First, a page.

Controversial amendments to impose a capital gains tax on securities transactions passed their first reading in the legislature yesterday amid news that Minister of Finance Christina Liu (劉憶如) will stay in her post after a meeting with President Ma Ying-jeou (馬英九) on Thursday night.
With no objections raised by lawmakers at the plenary session, the Executive Yuan’s amendments to the Income Tax Act (所得稅法) and the Income Basic Tax Act (所得基本稅額條例) were referred to the legislature’s Finance Committee for review.
The legislature also passed the first reading of alternative amendments initiated by lawmakers from the Chinese Nationalist Party (KMT) and the People First Party. The Democratic Progressive Party is still working on its own proposal.
There are wide variations between the proposals, ranging from tax rates and tax-free thresholds for individual investors, domestic enterprises and institutional investors, to whether to reduce the 0.3 percent securities transaction tax or to increase the securities transaction tax in lieu of imposing a tax on securities, to requirements for tax credits for long-term investors.
The KMT caucus proposed delaying review of the amendments at the Procedure Committee meeting on Tuesday, leading to allegations that the Ma administration was not serious about tax reform and that people with a vested interest were lobbying lawmakers to not pass the tax.
On Wednesday, Ma reiterated the administration’s determination to implement the tax and said the party had talked its lawmakers out of a boycott.
As for Liu, speculation was rife on Thursday after she missed the weekly Cabinet meeting where the Cabinet resigned en masse ahead of the May 20 presidential inauguration and remained incommunicado throughout the day. There were reports that Liu had told Premier Sean Chen (陳冲) and Ma that she wanted to quit.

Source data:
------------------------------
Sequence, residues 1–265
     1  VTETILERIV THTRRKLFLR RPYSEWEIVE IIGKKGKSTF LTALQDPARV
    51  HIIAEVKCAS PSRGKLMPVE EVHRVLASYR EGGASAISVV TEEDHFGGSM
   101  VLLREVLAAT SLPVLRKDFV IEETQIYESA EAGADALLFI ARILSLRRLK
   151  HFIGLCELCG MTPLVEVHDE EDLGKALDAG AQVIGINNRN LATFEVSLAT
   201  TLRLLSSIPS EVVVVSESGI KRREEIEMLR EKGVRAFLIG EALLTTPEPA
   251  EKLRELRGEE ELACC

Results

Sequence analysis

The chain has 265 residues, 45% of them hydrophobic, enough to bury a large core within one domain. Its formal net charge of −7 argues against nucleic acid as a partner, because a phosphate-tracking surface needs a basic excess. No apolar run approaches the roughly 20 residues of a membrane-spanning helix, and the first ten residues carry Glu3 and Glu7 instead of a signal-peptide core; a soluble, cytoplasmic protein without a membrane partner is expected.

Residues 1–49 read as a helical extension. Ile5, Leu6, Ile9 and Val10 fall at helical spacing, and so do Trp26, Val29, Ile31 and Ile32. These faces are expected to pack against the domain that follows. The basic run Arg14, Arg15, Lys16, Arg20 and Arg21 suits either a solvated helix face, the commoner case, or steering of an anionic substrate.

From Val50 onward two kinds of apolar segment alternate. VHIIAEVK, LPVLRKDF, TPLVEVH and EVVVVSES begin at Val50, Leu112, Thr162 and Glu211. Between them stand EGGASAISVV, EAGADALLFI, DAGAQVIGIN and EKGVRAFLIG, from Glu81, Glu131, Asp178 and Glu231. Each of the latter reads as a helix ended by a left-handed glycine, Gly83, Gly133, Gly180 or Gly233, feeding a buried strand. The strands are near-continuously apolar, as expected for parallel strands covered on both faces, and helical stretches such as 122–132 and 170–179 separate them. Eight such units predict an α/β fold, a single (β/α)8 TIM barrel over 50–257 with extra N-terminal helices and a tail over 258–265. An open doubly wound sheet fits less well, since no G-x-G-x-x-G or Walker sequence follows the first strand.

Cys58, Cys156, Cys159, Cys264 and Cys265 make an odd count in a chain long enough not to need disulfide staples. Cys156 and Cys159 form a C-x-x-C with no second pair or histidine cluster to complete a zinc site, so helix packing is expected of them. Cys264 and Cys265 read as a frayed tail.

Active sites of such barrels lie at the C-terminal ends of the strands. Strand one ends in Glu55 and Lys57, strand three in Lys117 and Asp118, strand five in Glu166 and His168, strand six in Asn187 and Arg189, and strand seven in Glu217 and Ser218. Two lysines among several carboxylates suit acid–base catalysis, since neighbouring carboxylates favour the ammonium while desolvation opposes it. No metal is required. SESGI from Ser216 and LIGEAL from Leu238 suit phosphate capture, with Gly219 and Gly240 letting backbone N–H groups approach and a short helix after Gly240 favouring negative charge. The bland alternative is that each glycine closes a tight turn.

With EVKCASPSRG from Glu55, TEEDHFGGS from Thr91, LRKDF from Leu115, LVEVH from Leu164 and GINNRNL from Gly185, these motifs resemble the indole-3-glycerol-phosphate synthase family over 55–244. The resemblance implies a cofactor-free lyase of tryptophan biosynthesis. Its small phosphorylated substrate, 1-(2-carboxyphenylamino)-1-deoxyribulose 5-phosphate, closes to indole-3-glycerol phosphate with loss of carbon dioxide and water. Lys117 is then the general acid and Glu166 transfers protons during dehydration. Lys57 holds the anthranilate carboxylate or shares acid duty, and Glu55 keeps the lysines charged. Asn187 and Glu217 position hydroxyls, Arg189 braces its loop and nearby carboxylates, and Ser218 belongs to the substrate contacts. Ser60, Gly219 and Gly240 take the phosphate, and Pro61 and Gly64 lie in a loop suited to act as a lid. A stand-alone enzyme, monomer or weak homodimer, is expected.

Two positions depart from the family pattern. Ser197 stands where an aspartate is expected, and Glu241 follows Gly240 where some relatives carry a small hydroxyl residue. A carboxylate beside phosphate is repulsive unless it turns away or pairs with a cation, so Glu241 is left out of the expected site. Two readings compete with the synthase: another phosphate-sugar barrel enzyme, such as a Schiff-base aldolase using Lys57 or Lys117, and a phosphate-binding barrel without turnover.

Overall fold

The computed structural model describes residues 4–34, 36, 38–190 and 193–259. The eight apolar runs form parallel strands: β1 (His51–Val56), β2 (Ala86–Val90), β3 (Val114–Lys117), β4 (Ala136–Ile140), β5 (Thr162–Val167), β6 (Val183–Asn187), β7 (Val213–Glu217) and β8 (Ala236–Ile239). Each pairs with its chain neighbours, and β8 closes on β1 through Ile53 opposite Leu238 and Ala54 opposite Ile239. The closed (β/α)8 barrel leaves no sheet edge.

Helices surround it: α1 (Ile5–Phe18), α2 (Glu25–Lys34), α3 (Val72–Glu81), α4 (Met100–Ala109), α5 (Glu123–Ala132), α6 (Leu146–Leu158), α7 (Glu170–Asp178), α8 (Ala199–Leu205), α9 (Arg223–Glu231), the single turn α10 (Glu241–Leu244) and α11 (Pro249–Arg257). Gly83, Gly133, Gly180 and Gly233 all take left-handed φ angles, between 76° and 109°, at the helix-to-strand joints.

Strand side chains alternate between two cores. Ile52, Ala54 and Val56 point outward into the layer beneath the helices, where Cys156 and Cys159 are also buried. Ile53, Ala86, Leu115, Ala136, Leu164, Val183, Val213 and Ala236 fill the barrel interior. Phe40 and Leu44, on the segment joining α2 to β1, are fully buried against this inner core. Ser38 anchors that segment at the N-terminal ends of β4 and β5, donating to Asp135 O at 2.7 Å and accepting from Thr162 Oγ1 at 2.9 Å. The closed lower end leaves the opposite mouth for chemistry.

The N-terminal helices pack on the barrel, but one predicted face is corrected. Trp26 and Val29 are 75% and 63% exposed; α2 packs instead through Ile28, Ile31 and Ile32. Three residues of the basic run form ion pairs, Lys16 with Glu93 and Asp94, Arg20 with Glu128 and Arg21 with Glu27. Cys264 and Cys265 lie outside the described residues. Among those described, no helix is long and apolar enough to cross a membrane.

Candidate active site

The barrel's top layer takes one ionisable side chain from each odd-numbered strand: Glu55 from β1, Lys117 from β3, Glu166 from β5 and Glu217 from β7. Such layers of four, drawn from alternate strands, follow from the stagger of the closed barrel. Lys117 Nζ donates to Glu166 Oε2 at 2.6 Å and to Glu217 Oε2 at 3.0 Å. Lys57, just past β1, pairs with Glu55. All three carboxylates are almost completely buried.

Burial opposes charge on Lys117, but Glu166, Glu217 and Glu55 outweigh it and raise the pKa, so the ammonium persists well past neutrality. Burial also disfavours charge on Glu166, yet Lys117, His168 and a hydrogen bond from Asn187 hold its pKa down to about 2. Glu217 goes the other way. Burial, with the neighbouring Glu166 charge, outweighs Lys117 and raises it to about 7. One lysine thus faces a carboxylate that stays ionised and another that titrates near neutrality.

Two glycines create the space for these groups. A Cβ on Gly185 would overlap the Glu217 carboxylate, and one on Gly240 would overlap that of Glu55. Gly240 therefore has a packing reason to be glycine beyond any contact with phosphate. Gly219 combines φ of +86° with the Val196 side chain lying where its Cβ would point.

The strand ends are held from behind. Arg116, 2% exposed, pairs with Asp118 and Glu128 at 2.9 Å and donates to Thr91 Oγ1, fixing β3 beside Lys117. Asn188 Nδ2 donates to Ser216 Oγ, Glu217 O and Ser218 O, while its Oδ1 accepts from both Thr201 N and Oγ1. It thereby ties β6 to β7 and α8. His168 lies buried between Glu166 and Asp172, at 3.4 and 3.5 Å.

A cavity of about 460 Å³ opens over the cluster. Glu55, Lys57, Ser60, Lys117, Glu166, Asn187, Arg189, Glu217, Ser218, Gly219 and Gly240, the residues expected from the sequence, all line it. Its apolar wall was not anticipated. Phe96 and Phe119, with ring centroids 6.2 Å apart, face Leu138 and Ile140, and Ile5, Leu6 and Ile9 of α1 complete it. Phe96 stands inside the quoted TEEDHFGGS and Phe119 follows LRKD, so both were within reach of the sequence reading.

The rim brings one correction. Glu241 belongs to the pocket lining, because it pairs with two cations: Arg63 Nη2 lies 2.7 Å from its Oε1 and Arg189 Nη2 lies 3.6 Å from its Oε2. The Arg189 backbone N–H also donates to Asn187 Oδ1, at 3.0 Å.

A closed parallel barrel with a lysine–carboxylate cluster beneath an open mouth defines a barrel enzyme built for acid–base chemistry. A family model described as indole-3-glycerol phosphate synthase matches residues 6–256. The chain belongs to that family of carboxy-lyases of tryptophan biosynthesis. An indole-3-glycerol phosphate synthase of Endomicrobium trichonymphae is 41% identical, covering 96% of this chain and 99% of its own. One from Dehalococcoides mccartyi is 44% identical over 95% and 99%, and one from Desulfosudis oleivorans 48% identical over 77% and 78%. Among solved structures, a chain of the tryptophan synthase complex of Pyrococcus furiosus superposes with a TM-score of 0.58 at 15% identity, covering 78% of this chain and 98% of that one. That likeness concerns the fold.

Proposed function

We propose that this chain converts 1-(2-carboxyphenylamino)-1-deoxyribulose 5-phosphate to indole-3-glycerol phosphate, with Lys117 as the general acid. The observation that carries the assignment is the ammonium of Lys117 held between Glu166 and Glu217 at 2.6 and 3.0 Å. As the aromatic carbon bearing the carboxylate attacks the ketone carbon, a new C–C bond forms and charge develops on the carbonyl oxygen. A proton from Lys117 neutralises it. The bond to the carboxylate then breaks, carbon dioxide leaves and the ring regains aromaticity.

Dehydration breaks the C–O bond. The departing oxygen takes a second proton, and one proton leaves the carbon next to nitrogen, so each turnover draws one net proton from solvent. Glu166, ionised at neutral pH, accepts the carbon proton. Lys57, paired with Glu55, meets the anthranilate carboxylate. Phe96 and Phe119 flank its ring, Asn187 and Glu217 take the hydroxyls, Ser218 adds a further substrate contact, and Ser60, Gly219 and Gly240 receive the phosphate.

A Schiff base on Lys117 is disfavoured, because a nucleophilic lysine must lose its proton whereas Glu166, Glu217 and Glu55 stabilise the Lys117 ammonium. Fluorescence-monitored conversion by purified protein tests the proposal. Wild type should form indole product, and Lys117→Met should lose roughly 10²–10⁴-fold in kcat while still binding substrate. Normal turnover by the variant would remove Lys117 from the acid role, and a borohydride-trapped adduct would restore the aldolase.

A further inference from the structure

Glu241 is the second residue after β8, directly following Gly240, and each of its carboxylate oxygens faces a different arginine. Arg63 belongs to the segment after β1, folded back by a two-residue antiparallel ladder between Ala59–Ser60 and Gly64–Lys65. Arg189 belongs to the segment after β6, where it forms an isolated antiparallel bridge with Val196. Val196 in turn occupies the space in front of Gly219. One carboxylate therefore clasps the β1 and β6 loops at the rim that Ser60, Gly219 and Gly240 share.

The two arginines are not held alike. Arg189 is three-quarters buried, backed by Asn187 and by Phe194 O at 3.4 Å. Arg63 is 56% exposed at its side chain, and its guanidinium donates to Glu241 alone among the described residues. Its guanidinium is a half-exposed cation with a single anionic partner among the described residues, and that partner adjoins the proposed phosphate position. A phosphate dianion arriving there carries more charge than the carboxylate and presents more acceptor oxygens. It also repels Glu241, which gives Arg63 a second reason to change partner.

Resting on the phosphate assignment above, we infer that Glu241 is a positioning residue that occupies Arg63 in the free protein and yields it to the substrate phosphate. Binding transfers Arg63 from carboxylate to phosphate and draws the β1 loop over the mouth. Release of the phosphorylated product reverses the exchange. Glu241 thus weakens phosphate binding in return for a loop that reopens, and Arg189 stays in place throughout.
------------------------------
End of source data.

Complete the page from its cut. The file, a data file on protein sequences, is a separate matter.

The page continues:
At 10:37pm on Thursday, the Presidential Office issued a statement saying Ma had met with Liu for 30 minutes, and that she would continue as finance minister to ensure the passage of the securities tax proposal.
Presidential Office spokesman Fan Chiang Tai-chi (范姜泰基) said Ma had praised Liu’s efforts in pushing the capital gains tax draft and said he expected her to continue the hard work. Liu thanked Ma for his support and promised to work harder, Fan Chiang said.
Meanwhile, Sean Chen denied Liu had offered to resign, saying he spoke to her on the telephone on Thursday afternoon and she had not said anything about leaving the Cabinet. The Executive Yuan said Liu had taken Thursday off.
Some KMT lawmakers were yesterday critical of Liu’s demeanor.
Calling her haughty, KMT Legislator Lu Chia-chen (盧嘉辰) said it was like “Liu is the only one who knows what a good policy is, and we don’t.”
“It is not the first time she has thrown her weight around,” KMT Legislator Lo Shu-lei (羅淑蕾) said.
KMT Legislator Hsu Yao-chang (徐耀昌) said Liu had a high level of professionalism, but was not good at communicating with lawmakers.
Meanwhile, KMT Legislator Ting Shou-chung (丁守中) yesterday confirmed media reports that Taiwan Semiconductor Manufacturing Co (TSMC, 台積電) handed him a proposal for revising the Executive Yuan’s securities tax proposal.
For domestic enterprises and institutional investors, the Cabinet has suggested retaining the current alternative minimum tax system, under which firms are taxed on certain forms of tax-exempt income and gains arising from investments in securities and futures transactions, with the tax-free threshold on the income lowered from its current level of NT$2 million (US$68,020) to NT$500,000 and the tax rate raised from 10 percent to 12 percent.